Simulating control of a broadcast site
The Simulator Rack was built in my garage;
And now, it resides in my computer room in an empty clothes closet.
Simulation work is always done - and can only be done - at my house, on my own time.
The individual modules are polished aluminum with holes drilled for LEDs.
The boards (inside the panels) are all professionally fabricated from AutoCad;
and I personally paid for the boards to be
The simulator can alleviate the hazard of operating expensive equipment,
and protect expensive equipment from the hazards of improper operation.
No programmer should attempt remote control without simulators. I have
While inspecting the operating logs at a broadcast site,
I could see an interesting control problem.
I could then set the problem up at home on the simulator.
Software programs were created and
modified with this thing.
This, huge, simulator-in-a-rack is being phased out.
The simulator will no longer be necessary as it duplicates an old, nonintelligent, system.
Since I am phasing out the old system, the simulator will also be
consequently phased out. I there for will not go into great detail, as I have not used it in many years.
The blue switches on the right are used to duplicate, or artificially simulate, a condition at the transmitter site.
Problems can be troubleshot with the simulator without jeopardizing expensive
The individual panels can be set up to duplicate any panel at a remote site.
But, it is more advantages to set individual panels to duplicate an entire host of panels.
The simulator can then - almost - simulate an entire particular broadcast site.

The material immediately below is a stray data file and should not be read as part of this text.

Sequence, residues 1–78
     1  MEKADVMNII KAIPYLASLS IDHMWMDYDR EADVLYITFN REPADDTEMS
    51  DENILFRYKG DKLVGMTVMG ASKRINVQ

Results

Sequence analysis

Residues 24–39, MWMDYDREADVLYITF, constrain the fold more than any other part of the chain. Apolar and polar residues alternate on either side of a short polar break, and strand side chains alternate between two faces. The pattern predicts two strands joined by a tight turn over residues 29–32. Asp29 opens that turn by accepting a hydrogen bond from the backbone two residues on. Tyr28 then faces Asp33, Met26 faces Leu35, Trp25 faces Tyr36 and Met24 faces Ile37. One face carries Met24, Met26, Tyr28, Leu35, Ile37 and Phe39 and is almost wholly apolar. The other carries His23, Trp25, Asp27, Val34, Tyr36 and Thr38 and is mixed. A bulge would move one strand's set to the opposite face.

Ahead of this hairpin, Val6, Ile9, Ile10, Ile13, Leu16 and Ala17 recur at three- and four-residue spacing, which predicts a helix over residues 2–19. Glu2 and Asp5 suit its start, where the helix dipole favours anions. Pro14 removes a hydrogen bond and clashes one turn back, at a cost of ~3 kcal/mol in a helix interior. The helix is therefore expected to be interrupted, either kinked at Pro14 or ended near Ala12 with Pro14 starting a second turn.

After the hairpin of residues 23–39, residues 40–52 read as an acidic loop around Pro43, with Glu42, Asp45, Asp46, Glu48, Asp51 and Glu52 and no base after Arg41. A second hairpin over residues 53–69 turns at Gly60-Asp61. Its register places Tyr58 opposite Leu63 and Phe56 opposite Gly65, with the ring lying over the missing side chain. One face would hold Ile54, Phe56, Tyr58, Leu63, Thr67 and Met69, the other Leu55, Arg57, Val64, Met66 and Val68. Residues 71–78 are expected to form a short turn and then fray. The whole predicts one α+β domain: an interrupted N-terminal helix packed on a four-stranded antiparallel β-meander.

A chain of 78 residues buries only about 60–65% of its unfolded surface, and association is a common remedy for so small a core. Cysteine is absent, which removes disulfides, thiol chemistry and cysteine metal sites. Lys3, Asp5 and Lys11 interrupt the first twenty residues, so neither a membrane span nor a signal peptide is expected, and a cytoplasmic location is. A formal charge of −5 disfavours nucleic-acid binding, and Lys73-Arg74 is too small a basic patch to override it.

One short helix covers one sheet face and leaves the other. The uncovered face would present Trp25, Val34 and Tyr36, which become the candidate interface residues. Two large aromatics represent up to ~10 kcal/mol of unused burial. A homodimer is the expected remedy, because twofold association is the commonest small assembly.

Doors and security
I built two additional Digitizers: one using red displays, and one using green displays.
The channel being digitized was lit by a led. Under the led is a calibration pot, which could NOT be
remotely calibarated. The method of locally onboard pots has personal appeal: the calibration meathod is direct,
emediate, and intuitive. It is right there! And it is physically by the display.
To simulate a parameter, pots in the back of the unit were adjusted to give any value per channel.
There are 32 channels per digitizer. The digitizers operating at Cohasset can accept both positive and negitive
voltages. The two simulator pannels can only accept positive voltages; But their power supplies are much
simplified: being unipolar. The Cohasset digitizers required two(automotive) batterys; a total waist of
One of the joys of remote control is to know that equipment, located many miles away, will behave as planned.
(At least as far as control is concerned.) If I began to worry about it, I would set it up on the simulator.
"Try not to become a man of success but rather to become a man of value." -Albert Einstein